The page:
Located directly in front of the minimalist steering wheel is a 12.3-inch digital instrument cluster while next to it is a 12.3-inch infotainment display. We must applaud Hyundai for finding the perfect mix of physical buttons and switches with touch displays in the Ioniq 6. On the steering wheel, for example, there are physical buttons and there are also prominent buttons on the dashboard that serve as infotainment and HVAC shortcuts. Fine adjustments to the temperature are then operated through a capacitive touchscreen. The central spine also houses the window switches.
As our test car was the Ioniq 6 Epiq, it also had digital mirrors, meaning there are an additional two screens in the cabin. As we found on the Genesis GV60 late last year, these digital mirrors require a small learning curve but are easy and intuitive to use once you get the hang of it. However, we wish Hyundai sold them as an option and not as standard equipment on the Ioniq 6 as we still prefer traditional mirrors.
The door panels of the Ioniq 6 are particularly intriguing and made from corrugated plastic, unlike any car we’ve seen before. There are also plenty of recycled materials found within, including carpets made from recycled fishing nets and seats made from recycled eco-leather. Interior space is excellent, hardly a surprise given that the Ioniq 6 is based on the Hyundai Motor Group’s superb E-GMP platform and has a 2,950 mm (116-inch) wheelbase. This is especially evident in the second row where there is an abundance of knee room. Unfortunately, the sleek shape and low roof mean that headroom is limited. If you’re tall and sitting in the rear, your head will touch the ceiling, but the Tesla Model 3 with its glass roof is no different. A powerful, 250-volt power outlet is found under the second row.
Poise for days
We loved the Ioniq 5 when we first drove it back in late 2021 and the Ioniq 6 feels noticeably more polished and better suited to Australian roads. This is most evident with the suspension.
No doubt helped by the fact that it sits slightly lower but also due to far superior suspension tuning, the Ioniq 6 Epiq feels much more hunkered down to the road. Wheel and body control are far improved, making the Ioniq 6 much more enjoyable to drive at any speed. In the Ioniq 5, it had a very floaty feeling but there’s none of that in its sedan sibling. Hyundai Australia has updated the Ioniq 5’s suspension tune for the 2023 model year but we’ve yet to experience it for ourselves.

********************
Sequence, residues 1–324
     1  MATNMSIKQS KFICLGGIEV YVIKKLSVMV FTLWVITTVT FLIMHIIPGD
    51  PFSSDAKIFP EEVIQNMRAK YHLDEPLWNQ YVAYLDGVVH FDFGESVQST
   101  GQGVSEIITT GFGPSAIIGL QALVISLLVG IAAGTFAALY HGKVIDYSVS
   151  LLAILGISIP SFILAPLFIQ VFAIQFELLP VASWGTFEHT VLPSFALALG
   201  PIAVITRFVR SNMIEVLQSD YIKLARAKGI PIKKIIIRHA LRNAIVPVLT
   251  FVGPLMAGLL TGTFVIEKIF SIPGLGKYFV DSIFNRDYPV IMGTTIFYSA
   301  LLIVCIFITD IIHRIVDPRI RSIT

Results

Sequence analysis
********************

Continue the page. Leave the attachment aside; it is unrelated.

The next most impressive thing about the Ioniq 6 is its energy efficiency. Hyundai has given the car an energy consumption figure of 16.9 kWh/100 km over the combined cycle and that’s right on the mark. Drive it conservatively and it’s possible to dip into the 15s during urban driving, a very solid figure for what is the high-performance version.
Like other Hyundai, Kia, and Genesis EVs, steering wheel-mounted paddle shifters are used to control the regenerative brakes. The system works seamlessly and we rarely had to use the mechanical brakes at all during our time with the car, instead choosing to drive it almost exclusively in ‘i-Pedal’ mode. All of the controls are nicely weighted and should you want to start pushing the car a little bit, it rarely feels out of sorts, delivering smooth and predictable handling and excellent traction from the 245/40 Pirelli P Zero tires.
The duality of the Ioniq 6 Epiq is also noteworthy. Not only does it feel poised when pushed but it is supremely comfortable on long journeys. The seats provide excellent support and as with some other Hyundai models, the driving position is great.
The Hyundai Ioniq 6 was recently named World Car of the Year, World Electric Vehicle, and World Car Design of the Year and it’s not hard to see why. It is perhaps the most well-rounded electric sedan currently on sale and feels noticeably more premium than the Tesla Model 3. However, we remain unconvinced that all that many Aussies will be willing to splurge a minimum of AU$74,000 ($48,323) on the Ioniq 6 when the entry-level Model 3 starts at AU$59,200 ($38,893).
Photo Credits: Brad Anderson/Carscoops
- LifestyleNovember 15, 2023Flying Dodge Charger Crushed In Mid-Air By Bus Looks Like A Movie Scene
- LifestyleNovember 6, 2023Honda Fit Inexplicably Smashes Into Building At Highway Speed, But Driver Survives
- LifestyleOctober 23, 2023Review: 2024 Lexus TX Picks Up Where The RX L Left Off Proving Second Time’s A Charm
- LifestyleOctober 16, 2023Yee-haw! Dodge Challenger Takes Flight And Sinks Into Florida Canal